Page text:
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Anyone Starch?

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Jesse replied on Mon, Jan 14 2013 3:02 PM

I usually do wash my quilts as soon as I'm done quilting them because I hand quilt and I use water soluble pens. But it is good to know about the bugs. I had no clue about that. I love how knowledgeable everyone is!! I was taught to sew by my grandmother and she isn't able to teach me or sew herself anymore so I'm glad i found this site to get help from others!! 

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Donna B replied on Mon, Jan 14 2013 3:10 PM

I'd like to add a couple of comments:

1.  Best Press - It puts back a nice finish on the front on the fabric if you have pre-washed your fabrics.  Personally, the scented varieties really make me sneeze...so I buy the gallon bottle from JoAnns.com when I have a 50% off coupon.  I use this most of the time.

2.  Starch -  my second choice

     a. The icky bugs are silverfish - I live in an area with lots of silverfish and I hate them.  (When we first moved into our house (10 years ago), I was sweeping up two or three dustpans full every morning.  Really, really gross!!!  Slowly the numbers have been reduced by outside spraying, but we still get them in the house.)  I had been avoiding starching fabrics because of hearing that the silverfish would be attracted to it. I also heard that they were attracted to bindings of old books that were made of starch and/or flour paste.   But, in my experience, neither has been proven true. The only thing I see them really attracted to is water!  They do head for the sinks, boot racks, etc.!   I am now starching some fabrics for quilts, but have yet to have a silverfish in my quilting room.  Almost every other room in the house, but not there!!!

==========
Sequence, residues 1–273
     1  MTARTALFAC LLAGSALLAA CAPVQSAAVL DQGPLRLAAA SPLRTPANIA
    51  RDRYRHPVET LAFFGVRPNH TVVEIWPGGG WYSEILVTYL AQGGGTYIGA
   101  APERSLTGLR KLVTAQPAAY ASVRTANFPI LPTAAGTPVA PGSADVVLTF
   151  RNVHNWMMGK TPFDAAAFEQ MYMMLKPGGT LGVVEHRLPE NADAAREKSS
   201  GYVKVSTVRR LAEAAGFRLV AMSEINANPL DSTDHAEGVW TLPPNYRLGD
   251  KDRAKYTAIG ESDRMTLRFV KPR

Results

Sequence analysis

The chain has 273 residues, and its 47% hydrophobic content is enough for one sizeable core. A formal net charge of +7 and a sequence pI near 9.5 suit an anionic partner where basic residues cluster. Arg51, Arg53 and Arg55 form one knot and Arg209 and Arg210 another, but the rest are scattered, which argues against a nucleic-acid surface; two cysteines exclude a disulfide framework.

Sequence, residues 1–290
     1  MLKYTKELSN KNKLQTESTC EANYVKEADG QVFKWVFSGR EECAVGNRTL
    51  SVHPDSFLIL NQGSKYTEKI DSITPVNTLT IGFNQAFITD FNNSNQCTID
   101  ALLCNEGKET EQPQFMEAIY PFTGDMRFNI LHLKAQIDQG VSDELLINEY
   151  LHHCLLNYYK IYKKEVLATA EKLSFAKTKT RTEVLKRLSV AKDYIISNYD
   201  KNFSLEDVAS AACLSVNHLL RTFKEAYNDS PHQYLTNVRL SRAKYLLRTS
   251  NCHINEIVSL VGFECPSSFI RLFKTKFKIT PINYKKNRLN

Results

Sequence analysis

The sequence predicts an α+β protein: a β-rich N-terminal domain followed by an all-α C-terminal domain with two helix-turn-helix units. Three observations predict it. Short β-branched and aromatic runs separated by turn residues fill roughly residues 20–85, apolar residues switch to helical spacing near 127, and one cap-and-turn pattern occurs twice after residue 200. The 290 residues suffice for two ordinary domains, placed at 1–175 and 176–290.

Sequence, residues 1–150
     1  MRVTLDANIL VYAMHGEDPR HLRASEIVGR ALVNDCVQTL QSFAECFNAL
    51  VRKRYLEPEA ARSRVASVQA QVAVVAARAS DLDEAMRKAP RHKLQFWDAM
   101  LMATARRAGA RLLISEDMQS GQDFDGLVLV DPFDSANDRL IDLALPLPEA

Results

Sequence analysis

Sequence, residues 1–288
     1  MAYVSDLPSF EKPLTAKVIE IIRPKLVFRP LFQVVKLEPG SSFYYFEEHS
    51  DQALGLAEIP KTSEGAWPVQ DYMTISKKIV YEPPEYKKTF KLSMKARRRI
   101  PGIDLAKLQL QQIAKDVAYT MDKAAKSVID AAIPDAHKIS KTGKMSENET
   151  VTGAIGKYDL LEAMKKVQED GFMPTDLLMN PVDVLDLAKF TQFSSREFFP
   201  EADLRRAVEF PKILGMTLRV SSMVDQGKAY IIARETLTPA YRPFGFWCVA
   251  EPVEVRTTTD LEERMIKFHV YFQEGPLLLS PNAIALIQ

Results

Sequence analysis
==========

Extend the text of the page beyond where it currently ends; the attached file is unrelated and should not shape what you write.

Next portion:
b.  If you Starch your fabrics - Spray the back of the fabric, turn it over and press the front of the fabric.  You will not get the flaking and the starch is embedded in the fabric give it a body.  I too, always wash my quilts after they are finished to remove all starch, best press, or anything else used in the quilt.

    c.  I usually use the handspray bottle of starch (from the grocery store) or make my own as someone else mentioned. (I don't like the aerosol cans.)

  3.  Sizing - I have tried sizing, but did not see any advantage over Best Press or Starch...so IMHO it is my third/last choice.

Hope someone will find this info helpful...

 

 Winthrop, WA

 

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barbjahay replied on Mon, Jan 14 2013 3:16 PM

MAGIC SIZING , comes in a tall blue can, it gives light body without stiffness, can be found next to the spray starch in the laundry dept. in WalMarts, costs about 97cents a can here in Oklahoma, I just bought three cans. I use it on fabric I am going to cut into triangles, helps keep the bias edges from stretching. We also use it on foundation blocks for string piecing.  It comes in handy when you need to square up blocks too. I started using in when I worked at a quilt shop. Otherwise I do not starch anything and have never used anything else. bj

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barbjahay replied on Mon, Jan 14 2013 3:19 PM

Just one more thing, it does not flake so you can spray it on either side of the fabric. Have a great day, bj

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Jesse replied on Mon, Jan 14 2013 3:24 PM

So, do you use starch or sizing or whatever you chose to use before cutting your pieces or after?